Empirical testing has shown correlation between energy consumption and season in residential buildings, that can have an effect on the savings error. The CalTRACK 2.0 working group has proposed accounting for this seasonal effect by shortening the 12-month baseline period to 3-month weighted baseline periods. The figure below shows the effect of shortening baseline periods to 3-month on Normalized Mean Bias Error (NMBE) for residential buildings.
The working group has established the following NMBE thresholds to define buildings that require 3-month weighted baselines and those where an annual baseline period is acceptable.
- If there are 2 or more months that have an NMBE greater than 0.01, then 3-month weighted baselines are required.
- If there are less than 2 months that have an NMBE greater than 0.01, then 3-month weighted baselines are optional.
Since February, the CalTRACK 2.0 process has tackled several major issues. Below is a quick synopsis of the major tasks addressed and outcomes for these topics.
- Improved weather station mapping.
- Weighted regression for months in billing period methods.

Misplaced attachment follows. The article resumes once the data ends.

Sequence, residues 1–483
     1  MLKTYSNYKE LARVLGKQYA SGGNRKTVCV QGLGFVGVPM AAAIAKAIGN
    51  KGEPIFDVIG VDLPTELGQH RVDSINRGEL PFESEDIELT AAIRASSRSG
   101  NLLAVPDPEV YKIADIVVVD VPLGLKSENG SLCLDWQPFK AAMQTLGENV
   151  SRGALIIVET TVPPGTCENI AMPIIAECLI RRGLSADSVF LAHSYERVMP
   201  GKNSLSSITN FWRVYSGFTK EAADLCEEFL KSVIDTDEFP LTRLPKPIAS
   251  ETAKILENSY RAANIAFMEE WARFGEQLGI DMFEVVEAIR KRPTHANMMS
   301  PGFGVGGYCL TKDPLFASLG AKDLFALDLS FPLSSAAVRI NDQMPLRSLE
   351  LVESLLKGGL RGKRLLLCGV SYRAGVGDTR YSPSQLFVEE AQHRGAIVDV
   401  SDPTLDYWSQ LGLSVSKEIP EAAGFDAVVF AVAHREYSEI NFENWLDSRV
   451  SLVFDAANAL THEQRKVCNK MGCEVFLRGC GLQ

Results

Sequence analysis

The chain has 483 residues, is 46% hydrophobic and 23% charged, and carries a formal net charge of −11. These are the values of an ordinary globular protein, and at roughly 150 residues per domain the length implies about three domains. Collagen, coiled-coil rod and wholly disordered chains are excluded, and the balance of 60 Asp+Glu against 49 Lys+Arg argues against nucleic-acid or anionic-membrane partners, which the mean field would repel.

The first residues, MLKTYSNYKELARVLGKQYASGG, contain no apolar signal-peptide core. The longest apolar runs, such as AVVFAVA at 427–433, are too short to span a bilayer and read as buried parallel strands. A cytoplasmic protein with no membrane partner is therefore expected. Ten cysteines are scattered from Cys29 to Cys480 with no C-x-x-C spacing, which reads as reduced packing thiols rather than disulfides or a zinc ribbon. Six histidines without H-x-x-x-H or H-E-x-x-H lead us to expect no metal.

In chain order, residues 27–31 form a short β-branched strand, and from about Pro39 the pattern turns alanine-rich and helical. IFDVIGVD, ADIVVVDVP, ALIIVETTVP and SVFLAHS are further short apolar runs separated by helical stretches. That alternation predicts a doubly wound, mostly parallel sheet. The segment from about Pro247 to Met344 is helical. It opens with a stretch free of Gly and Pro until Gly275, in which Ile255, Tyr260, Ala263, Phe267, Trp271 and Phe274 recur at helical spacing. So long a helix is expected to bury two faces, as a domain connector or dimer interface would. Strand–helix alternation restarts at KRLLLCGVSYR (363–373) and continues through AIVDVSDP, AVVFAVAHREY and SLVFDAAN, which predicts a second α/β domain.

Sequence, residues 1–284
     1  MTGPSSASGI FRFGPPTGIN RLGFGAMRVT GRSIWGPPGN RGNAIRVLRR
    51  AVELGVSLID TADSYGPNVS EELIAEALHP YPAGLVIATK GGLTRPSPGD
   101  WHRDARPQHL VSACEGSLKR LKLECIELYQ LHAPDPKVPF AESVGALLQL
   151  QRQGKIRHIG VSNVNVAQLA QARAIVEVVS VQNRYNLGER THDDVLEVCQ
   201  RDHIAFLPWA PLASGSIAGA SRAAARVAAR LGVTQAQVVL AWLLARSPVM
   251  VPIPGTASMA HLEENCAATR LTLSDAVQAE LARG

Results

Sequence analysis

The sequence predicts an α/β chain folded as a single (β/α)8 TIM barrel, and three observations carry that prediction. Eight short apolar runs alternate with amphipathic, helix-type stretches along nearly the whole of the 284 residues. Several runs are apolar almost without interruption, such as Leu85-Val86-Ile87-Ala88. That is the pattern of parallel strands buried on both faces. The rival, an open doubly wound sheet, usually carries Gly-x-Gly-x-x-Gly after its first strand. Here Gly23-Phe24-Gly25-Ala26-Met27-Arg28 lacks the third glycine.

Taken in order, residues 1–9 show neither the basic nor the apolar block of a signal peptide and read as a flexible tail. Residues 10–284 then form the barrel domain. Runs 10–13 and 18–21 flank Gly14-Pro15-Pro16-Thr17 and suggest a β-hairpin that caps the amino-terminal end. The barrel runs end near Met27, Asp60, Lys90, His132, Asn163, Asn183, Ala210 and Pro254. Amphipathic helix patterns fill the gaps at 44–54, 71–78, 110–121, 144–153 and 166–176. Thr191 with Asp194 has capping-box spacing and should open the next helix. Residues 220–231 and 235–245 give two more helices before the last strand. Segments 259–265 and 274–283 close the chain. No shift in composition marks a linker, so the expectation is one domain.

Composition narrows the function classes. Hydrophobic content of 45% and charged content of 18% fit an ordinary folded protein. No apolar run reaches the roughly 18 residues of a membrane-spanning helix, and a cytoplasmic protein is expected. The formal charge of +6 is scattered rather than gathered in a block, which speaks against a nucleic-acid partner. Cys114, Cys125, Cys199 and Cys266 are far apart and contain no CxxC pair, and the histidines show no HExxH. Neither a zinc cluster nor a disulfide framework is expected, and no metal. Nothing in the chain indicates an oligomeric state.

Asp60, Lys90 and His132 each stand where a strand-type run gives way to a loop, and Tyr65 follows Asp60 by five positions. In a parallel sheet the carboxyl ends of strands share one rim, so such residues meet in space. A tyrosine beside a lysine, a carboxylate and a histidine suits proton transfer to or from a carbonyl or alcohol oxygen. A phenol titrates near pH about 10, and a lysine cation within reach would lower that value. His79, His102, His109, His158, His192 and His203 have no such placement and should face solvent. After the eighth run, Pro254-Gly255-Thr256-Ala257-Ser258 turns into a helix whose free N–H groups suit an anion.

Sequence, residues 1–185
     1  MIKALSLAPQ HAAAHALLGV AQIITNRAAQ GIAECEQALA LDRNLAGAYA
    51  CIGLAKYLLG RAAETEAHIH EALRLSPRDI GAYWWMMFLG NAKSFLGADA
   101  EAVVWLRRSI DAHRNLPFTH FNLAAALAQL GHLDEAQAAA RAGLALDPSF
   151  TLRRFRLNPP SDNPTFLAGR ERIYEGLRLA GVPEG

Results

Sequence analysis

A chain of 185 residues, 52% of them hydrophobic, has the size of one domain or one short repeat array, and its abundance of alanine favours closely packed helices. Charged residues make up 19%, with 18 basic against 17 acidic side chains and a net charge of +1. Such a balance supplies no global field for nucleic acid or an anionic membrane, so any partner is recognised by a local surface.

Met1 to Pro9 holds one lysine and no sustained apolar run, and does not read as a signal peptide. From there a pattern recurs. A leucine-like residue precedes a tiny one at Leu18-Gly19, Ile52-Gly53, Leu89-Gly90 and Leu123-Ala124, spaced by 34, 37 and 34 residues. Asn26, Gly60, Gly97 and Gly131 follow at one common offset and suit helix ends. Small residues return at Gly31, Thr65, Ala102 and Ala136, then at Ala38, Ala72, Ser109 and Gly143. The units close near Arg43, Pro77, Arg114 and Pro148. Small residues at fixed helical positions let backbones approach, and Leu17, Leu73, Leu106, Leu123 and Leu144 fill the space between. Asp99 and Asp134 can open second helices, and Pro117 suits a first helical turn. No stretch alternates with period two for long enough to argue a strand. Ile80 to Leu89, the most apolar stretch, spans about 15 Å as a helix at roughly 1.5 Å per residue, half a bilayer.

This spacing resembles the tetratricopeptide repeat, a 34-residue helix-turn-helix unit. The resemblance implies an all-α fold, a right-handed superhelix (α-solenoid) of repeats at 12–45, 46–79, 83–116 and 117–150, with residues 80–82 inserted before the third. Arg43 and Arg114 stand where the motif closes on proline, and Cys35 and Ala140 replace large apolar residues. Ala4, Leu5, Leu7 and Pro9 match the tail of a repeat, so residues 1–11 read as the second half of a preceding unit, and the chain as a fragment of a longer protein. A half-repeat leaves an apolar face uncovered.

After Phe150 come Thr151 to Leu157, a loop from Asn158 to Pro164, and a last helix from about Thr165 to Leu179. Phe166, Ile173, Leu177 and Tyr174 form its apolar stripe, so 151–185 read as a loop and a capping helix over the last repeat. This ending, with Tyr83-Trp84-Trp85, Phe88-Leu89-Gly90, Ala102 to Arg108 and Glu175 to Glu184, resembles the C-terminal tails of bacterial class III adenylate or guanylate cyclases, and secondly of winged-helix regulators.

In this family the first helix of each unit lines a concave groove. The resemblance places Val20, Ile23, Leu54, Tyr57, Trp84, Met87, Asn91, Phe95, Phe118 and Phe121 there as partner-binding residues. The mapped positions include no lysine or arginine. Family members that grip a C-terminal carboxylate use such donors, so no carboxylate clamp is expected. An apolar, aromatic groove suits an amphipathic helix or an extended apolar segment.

- Expanded grid search range for variable balance points.
- Maximum lengths for baseline and reporting periods in billing period and daily methods.
- For portfolio-based cases, buildings with a high uncertainty metric can still be included in a portfolio as long as the defined portfolio-level uncertainty threshold is not exceeded.
- For site-based applications, ASHRAE Guideline 14 thresholds were recommended.
- Lawrence Berkeley National Lab’s Time-of-Week and Temperature model was used as a template for hourly methods.
- The aggregated hourly energy savings estimates were stable when considered at the portfolio-level for residential houses, which was an encouraging finding.
- When price signals are applied to hourly savings estimates, the temporal and locational value of energy efficiency projects can be calculated.
- Various price signals were analyzed and it was shown that they can provide different values to different types of load shapes based on priorities of the procurer.
The direction of CalTRACK 2.0 methods development was guided by feedback from use cases that required “payable savings”. For example, PG&E’s pay-for-performance energy efficiency program decided to increase compensation for energy savings during peak hours during the second iteration of their program. This required CalTRACK 2.0 to develop methods that generate savings estimates at the hourly level. Similarly, we expect CalTRACK 3.0’s tasks will be guided by the demands of stakeholders that implement programs using CalTRACK 2.0 methods.
In addition, we have designed a CalTRACK 3.0 sandbox on GitHub to document issues that require further investigation. We encourage working group members to continue adding ideas to the CalTRACK 3.0 sandbox as they arise.
- Use the CalTRACK 2.0 methods
- Contribute to the CalTRACK 3.0 sandbox
- Keep an eye out for the open source CalTRACK-based engine release (eemeter 2.0)